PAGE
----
Andrew Smith: Weakened side no excuse for another lame Celtic effort in Europe

A dejected Dedryck Boyata after Celtic's 2-0 defeat at RB Leipzig. Picture: Martin Rose/Bongarts/Getty
A dejected Dedryck Boyata after Celtic's 2-0 defeat at RB Leipzig. Picture: Martin Rose/Bongarts/Getty
0
Have your say

It wouldn’t be entirely accurate to say that Celtic fielded a “B team” in Leipzig last night. With Kieran Tierney, Odsonne Edouard, Dedryck Boyata, Olivier Ntcham, Callum McGregor and Craig Gordon in their ranks, they had a slew of their major players on the pitch.

The fact that the other positions were taken up by bit-part performers, though, made Brendan Rodgers’ selection very much of the B+ variety. Yet, although rare outings were given to such as Ryan Christie, Cristian Gamboa, Lewis Morgan, Eboue Kouassi and Jozo Simunovic – later forced off on a stretcher – that doesn’t explain away another forgettable effort on the continent for the Scottish champions. Not in any respect.

Whatever the personnel, all too often the displays Celtic serve up in exacting European away games rarely rate above the D- grade. They might have fared better if they had not lost Scott Brown and Tom Rogic to injury, Leigh Griffiths to illness and been deprived of James Forrest to suspension, while no risk was taken with the knock-carrying Filip Benkovic. Yet there is no guarantee that would have been the case since all but the on-loan Leicester City centre-back have featured in such lame reverses as the one inflicted on them by their hosts last night.

With the concession of two goals inside four minutes just as they appeared following a goalless first half hour, Celtic exhibited their too-often-witnessed porcelain pot traits away to capable European opponents. As soon as a crack appeared, they threatened to go to pieces.

Ntcham’s casual distribution, McGregor’s struggles to command possession and a defensive error from Boyata were all contributory factors in that, so the fringe players cannot shoulder the blame for a loss that reduces the prospects of progressing from their Europa League group to the slender bracket.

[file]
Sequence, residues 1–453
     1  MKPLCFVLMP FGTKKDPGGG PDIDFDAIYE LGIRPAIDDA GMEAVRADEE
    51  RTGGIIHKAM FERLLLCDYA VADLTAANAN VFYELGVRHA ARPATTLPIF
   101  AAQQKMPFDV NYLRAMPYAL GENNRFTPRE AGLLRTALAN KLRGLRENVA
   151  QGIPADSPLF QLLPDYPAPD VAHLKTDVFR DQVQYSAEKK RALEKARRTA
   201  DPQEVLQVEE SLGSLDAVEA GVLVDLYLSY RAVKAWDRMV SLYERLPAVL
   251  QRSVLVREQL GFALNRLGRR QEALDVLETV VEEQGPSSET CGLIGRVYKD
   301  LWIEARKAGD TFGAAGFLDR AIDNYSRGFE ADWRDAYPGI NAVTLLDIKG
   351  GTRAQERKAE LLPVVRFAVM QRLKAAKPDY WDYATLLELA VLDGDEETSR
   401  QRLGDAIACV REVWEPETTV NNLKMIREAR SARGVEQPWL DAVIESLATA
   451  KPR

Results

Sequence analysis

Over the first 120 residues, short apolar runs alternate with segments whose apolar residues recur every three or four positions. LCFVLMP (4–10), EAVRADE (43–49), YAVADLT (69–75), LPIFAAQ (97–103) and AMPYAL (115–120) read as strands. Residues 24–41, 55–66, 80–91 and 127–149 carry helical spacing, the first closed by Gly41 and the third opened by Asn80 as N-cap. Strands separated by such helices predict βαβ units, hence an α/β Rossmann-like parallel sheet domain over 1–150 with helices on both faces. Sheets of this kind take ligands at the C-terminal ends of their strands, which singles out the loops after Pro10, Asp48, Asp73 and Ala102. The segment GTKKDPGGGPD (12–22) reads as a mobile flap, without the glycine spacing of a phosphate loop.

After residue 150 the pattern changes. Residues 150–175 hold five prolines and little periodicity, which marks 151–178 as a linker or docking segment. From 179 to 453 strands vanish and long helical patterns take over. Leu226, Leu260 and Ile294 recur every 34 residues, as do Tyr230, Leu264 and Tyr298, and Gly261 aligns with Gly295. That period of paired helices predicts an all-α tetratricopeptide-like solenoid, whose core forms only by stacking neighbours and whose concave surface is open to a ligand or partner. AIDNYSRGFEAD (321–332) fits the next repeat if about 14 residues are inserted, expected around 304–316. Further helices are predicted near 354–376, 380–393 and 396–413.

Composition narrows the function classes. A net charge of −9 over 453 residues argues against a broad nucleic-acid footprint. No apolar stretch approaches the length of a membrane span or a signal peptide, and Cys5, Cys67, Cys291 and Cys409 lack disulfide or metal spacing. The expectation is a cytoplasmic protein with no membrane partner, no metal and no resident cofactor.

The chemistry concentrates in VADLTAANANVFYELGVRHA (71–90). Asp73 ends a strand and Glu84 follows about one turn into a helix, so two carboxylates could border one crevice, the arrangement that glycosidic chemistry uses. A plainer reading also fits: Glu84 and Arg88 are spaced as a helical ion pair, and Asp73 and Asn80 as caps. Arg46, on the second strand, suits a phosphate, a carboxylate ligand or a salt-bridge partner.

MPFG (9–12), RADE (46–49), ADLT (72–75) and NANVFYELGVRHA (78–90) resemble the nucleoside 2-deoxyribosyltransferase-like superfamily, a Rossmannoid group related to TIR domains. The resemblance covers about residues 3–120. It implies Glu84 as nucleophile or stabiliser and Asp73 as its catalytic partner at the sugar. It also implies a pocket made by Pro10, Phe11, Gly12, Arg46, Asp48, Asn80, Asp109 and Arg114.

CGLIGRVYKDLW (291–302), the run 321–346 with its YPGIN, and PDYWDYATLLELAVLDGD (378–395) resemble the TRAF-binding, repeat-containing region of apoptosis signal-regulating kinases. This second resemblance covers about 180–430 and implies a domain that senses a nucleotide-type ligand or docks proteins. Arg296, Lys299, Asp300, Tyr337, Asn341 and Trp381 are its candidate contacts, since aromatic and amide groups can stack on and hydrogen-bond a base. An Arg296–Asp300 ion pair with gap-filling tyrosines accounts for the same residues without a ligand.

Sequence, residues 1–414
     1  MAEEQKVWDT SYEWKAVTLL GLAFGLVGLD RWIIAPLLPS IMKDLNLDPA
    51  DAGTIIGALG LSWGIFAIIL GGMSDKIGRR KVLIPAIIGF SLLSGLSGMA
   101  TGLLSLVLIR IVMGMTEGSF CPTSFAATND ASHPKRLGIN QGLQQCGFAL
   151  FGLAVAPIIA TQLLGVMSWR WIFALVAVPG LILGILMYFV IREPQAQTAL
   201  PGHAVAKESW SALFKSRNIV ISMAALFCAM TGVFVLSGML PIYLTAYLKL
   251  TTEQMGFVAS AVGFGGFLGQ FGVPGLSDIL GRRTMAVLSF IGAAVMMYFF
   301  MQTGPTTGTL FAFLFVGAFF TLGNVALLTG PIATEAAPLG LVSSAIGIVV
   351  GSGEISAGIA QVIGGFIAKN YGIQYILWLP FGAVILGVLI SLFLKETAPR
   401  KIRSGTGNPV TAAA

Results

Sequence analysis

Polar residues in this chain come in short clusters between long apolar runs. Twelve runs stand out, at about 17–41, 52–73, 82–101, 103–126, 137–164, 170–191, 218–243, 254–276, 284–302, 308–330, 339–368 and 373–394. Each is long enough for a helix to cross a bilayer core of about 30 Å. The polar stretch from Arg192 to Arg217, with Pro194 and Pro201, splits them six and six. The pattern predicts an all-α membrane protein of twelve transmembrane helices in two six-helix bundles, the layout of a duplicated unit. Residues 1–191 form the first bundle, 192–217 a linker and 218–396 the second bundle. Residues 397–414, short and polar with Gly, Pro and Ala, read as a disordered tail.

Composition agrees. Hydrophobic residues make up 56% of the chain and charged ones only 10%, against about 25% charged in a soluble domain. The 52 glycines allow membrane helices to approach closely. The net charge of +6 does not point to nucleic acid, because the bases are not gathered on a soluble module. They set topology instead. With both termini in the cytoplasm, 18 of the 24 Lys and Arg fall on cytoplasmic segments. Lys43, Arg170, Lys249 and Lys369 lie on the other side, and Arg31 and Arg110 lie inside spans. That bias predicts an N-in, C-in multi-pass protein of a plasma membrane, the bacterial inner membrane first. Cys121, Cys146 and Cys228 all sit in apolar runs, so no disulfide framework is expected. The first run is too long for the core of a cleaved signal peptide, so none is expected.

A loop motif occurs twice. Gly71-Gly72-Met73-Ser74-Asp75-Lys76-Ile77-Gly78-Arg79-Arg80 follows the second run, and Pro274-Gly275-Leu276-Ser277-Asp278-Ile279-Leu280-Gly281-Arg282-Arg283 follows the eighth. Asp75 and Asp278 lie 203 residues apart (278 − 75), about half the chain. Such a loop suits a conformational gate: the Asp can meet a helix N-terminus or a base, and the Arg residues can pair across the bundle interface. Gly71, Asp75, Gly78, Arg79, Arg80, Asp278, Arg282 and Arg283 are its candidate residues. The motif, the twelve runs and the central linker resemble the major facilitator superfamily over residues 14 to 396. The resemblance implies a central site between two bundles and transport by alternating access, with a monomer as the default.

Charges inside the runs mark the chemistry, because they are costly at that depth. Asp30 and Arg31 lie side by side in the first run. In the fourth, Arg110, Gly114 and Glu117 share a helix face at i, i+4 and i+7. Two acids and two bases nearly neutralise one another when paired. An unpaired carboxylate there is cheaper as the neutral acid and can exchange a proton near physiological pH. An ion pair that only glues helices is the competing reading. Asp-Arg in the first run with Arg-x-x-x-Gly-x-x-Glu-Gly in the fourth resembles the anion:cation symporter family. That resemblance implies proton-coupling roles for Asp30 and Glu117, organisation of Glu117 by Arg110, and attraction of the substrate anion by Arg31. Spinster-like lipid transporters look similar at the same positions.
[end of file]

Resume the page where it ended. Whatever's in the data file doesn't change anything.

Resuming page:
The world has shrunk in rapid order for Rodgers’ side. Only 13 months ago, they won a first away European group match in five years, slamming Anderlecht 3-0. In doing so, they set themselves up for a future in European football beyond their participation in a bruising Champions League group that contained Paris Saint-Germain and Bayern Munich.

Now, on the back of sobering away defeats to Salzburg and Leipzig, their competitiveness in the continent’s second string tournament is being strained – even with three Group B fixtures still to be tackled. In a fortnight they host Leipzig, now with six points to their three. With Salzburg out of sight on nine points, to remain in the hunt for second place in their section, realistically they will need to post a 2-0 victory merely to cancel out the damage done by opponents who rested eight of their first choice XI last night. The narrowing of Celtic’s current focus could be evidenced even before a ball was kicked against one of the Red Bull works teams. Both within the club, and among its followers, there was a tangible sense of the Leipzig assignment being ranked beneath the Betfred Cup semi-final that will pit them against Hearts at Murrayfield on Sunday.

In boasting a £60 million wage bill and having hoovered up every domestic honour in the previous two seasons, prioritising a last-four game in Scotland’s most modest competition over a major confrontation on the continent could be considered strangely small-time.

Yet, you would struggle to find a Celtic supporter who wouldn’t have preferred to beat Hearts than Leipzig this week were they denied prospering in both. And if the order of the games had been reversed, Rodgers might well have attempted to patch up Rogic and Benkovic to bolster his quest to compete in a fifth straight domestic cup final.

“There are ways to lose a game of football but this isn’t one of them,” BT analyst Chris Sutton bemoaned as Celtic largely sleepwalked through the second half in Germany. Rodgers, though, knows that if they were to be caught napping at the weekend, the alarm it would set off would be far more piercing than any caused by another soporific showing on foreign soil.